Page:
North’s Jewish community dismayed at desecration of graves
Around 10 graves were desecrated in a walled-off section of Belfast’s City Cemetery
The damaged gravestones in the Jewish section of Belfast’s City Cemetery. Photograph: Kelvin Boyes/Press Eye
Northern Ireland’s small Jewish community has expressed dismay at a violent attack on Jewish headstones in Belfast’s City Cemetery, which is being treated by police as a hate crime.
In the second such incident in five years, around 10 graves were desecrated in a walled-off section of the cemetery on the Falls Road in the west of the city.
Michael Black, chairman of Belfast Jewish community, said it has caused unease among Jews, and that the vandals appear to be acting with “impunity”.
“I don’t know what is going on in their heads,” he said of those responsible. “Any type of vandalism and especially on a cemetery gravestone; what can you say about them? I can’t even think of the words to express . It’s very sad, obviously.
“I wasn’t totally shocked because it is not unique to either the Jewish cemetery or other cemeteries. But it is a reflection, maybe, of mindless acts of violence and vandalism perpetrated by a few people living among us.”
Mr Black said attacks happen on a “regular basis”.
“Part of me gets a little, I wouldn’t say angry, but the fact that they can get away with it without being brought to justice.. they seem to be able to vandalise with impunity.”
In 2016, 13 graves in the same plot were damaged in a similar attack.
The North’s Jewish community, dating back to the mid-18th century, once numbered around 1,500 but the last remaining synagogue in Belfast has only around 60 members.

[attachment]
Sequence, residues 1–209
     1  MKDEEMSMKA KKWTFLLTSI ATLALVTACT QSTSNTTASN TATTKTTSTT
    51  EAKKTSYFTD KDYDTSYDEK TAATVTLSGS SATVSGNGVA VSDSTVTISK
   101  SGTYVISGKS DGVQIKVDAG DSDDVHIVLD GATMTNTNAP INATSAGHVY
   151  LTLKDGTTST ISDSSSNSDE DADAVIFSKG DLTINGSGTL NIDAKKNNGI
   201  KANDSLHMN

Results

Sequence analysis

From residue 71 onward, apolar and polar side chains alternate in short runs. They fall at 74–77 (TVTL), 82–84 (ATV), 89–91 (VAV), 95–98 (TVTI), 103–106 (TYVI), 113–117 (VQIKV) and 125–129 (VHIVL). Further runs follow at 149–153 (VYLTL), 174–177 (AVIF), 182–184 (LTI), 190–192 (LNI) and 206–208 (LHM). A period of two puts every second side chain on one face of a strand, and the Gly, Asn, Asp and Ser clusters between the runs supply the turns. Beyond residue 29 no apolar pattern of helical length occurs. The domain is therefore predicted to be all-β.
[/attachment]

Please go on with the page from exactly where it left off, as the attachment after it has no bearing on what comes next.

Mr Black said there has been “very reassuring” offers of help and support – both financial and offers to help clean up the damage – from across the wider community in the wake of the latest attack, believed to have happened sometime on Thursday evening.
On Monday efforts will be made to identify the families of the deceased whose gravestones were damaged.
“A lot of these headstones are going back maybe 100 years, so their families may not be living here anymore,” said Mr Black. “Their descendants might never find out, which is in a way a good thing, although they should know that it is happening.”
PSNI inspector Róisín Brown said she was “appalled at these criminal acts”.
“City Cemetery, like any graveyard, is a place where members of the community come to pay their respects. The damage to these graves shows a total lack of respect for others, and will have a significant impact on individuals and families within the Jewish community.”
Insp Brown said the attack was being investigated as a “hate crime”, and she appealed for help from the local community “to hold those responsible to account for their actions”.